Weather and trade terms are ever present threats. However, the last four averagely good harvests have enabled the country to build up a maize reserve of up to 180,000 bags, which is enough to see it through at least one bad season.

Prof. Green estimates that external financial gross inflows are probably in excess of between US$ 500 and US$ 900 million. If technical assistance is excluded, the figure is between US$ 650 and US$ 800 million which, he says, is not enough for the country’s needs – especially if there is still no agreement on alleviating the unmanageable external debt-service burden.

Exports have not increased as much as was hoped for due to disease of cashew nut trees, falls in coffee prices, a slow turnaround of sisal production and bottlenecks in processing and transporting cotton. But even if these products, which form the old bases of export earnings, are marketed normally, they would still be insufficient to produce the needed lift-up of the total economy. They will need to be supplemented by increased manufacturing, natural gas exploitation and greater gold production.

Efficiency increases have been achieved – from grain marketing through operations of the Dar es Salaam harbour to electricity; but there are still sectors of poor services such as water supply for the capital, local transport, agricultural processing and in much of industry.

Prof Green cites three reasons why Tanzania’s external balance remains fragile.

First, with 1987 imports of goods at US$ 1,092 million and exports at US$ 347 million, only a net transfer receipt in excess of exports is able to keep the gap plugged. Second, exports are not rising rapidly, remaining static over 1986-87, with main commodity proceeds falling over 20% for price and volume reasons, balanced by rises in manufacture, secondary commodities and minerals . Third, the 1987 import level of US$ 1,092 million (only 4% up nominally and down perhaps 6-8% in volume terms on 1986) includes US$ 125-150 million worth of consumer goods and, perhaps, US$ 50-75 million defence-related elements not included in the US$ 1,200 million minimum imports for efficient rehabilitation and operation of the economy so that the shortfall is of the order of 20% Compared to the 1983 situation, however, imports are up over 35% in nominal terms (and perhaps 25% in real terms), and external transfers are up markedly, albeit exports have actually declined (largely for price reasons), falling over US$ 90 million to 1985 before rising to over 1]S$ 60 million thereafter.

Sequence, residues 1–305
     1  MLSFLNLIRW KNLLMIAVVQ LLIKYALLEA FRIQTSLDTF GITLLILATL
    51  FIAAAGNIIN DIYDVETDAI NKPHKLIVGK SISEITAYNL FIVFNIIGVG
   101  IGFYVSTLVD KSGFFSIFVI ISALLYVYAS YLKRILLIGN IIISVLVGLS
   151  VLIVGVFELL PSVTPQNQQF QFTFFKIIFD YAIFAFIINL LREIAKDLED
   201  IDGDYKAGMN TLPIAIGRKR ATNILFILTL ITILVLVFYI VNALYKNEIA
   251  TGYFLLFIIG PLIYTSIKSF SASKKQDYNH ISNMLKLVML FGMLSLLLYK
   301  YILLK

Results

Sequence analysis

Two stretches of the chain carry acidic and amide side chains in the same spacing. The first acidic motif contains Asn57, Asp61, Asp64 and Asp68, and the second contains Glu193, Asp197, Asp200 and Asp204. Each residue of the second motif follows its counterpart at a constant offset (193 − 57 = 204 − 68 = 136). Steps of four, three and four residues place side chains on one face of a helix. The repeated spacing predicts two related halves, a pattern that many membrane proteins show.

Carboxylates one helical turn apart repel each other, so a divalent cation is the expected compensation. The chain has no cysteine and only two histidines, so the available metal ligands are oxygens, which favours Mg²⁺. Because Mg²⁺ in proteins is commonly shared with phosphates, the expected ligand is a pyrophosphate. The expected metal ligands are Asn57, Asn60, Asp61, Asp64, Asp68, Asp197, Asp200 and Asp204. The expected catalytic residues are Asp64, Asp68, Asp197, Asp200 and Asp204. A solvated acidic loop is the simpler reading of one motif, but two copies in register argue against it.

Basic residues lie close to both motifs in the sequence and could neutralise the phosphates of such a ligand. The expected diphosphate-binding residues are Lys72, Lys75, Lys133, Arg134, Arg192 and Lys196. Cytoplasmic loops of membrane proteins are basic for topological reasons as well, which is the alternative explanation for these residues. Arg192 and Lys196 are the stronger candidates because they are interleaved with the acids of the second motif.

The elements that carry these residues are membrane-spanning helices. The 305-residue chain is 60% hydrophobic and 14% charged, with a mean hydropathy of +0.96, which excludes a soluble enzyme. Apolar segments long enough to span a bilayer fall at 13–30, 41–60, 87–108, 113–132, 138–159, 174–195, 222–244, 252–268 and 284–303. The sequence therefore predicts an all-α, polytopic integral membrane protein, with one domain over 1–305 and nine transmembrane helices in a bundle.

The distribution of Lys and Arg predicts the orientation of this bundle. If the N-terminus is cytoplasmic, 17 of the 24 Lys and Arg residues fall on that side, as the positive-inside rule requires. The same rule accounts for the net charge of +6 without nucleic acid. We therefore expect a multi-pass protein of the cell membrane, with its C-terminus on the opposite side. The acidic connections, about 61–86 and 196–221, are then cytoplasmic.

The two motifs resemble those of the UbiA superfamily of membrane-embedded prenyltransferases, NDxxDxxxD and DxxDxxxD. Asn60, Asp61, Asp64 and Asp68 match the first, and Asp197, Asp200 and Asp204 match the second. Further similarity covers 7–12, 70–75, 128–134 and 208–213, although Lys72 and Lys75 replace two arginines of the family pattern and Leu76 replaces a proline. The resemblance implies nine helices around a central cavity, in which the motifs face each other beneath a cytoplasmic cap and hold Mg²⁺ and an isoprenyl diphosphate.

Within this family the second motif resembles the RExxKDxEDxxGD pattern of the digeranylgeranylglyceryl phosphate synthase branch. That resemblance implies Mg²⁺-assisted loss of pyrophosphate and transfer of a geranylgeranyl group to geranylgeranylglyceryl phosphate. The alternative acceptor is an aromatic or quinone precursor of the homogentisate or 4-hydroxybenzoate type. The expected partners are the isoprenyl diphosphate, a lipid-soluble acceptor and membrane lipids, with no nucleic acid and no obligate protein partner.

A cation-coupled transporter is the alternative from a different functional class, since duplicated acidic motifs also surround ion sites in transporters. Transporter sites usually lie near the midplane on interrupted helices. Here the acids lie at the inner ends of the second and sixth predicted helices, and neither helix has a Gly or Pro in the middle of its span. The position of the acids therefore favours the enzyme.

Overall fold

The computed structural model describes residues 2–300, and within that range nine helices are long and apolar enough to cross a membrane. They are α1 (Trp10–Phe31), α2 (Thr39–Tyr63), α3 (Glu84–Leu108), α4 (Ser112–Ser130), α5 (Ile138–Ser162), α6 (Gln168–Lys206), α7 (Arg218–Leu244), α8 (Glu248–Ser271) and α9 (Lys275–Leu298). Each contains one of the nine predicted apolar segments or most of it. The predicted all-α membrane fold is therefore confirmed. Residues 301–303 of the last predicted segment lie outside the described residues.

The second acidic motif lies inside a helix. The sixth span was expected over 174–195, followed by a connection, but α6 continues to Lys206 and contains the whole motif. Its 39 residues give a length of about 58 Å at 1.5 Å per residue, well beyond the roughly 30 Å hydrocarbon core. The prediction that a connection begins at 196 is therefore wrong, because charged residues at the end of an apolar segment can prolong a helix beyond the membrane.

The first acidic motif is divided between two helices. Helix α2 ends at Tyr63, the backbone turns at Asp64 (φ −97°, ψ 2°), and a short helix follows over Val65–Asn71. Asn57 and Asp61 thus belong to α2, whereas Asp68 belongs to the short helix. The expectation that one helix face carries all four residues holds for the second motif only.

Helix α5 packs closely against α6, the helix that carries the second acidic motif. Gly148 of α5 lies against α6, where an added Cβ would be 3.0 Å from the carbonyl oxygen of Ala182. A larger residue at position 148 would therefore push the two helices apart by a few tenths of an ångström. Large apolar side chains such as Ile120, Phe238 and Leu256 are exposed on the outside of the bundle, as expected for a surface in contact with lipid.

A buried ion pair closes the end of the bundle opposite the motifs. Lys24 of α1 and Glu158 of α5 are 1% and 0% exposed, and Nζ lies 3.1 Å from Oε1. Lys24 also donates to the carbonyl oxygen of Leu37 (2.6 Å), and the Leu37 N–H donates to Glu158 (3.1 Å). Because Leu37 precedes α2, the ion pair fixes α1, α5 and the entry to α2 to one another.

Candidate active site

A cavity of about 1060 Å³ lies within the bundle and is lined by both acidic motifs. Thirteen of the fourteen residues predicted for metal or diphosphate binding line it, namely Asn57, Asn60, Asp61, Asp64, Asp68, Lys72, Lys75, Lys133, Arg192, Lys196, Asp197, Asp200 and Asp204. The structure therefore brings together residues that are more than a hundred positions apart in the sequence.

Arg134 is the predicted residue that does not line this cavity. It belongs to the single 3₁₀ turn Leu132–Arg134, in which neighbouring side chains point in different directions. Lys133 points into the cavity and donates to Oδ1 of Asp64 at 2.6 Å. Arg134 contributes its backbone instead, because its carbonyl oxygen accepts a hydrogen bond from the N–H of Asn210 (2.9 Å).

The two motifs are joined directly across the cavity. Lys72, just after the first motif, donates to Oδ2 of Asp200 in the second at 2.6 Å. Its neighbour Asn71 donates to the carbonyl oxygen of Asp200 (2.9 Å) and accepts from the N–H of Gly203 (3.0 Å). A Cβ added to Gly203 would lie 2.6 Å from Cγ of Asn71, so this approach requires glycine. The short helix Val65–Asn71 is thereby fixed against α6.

On a fiscal year basis the trends are slightly more encouraging. The 1986-87 level was US$ 355 million and 1987-88 is estimated at US$ 388 million; but even here main commodity exports showed a fall of US$ 44 million whereas exports of manufactured goods rose US$ 32 million (the whole net gain), and of minerals and secondary commodities by US$44 million.
Colin Legum


The first encounters between European missionaries and explorers and the local Africans led to very mixed reactions. The same is true of the impact of the colonialists who came in their wake. While they brought Christianity, education, medicine and a degree of development they also exposed the continent to distortions which still vibrate today in the form of unbalanced economies, alien cultural trends and previously unknown diseases. And Africa is facing difficulties in trying to correct such distortions while continuing to enjoy the benefits of the better aspects of these encounters such as mission hospitals, charitable organisations and, not least, foreign aid.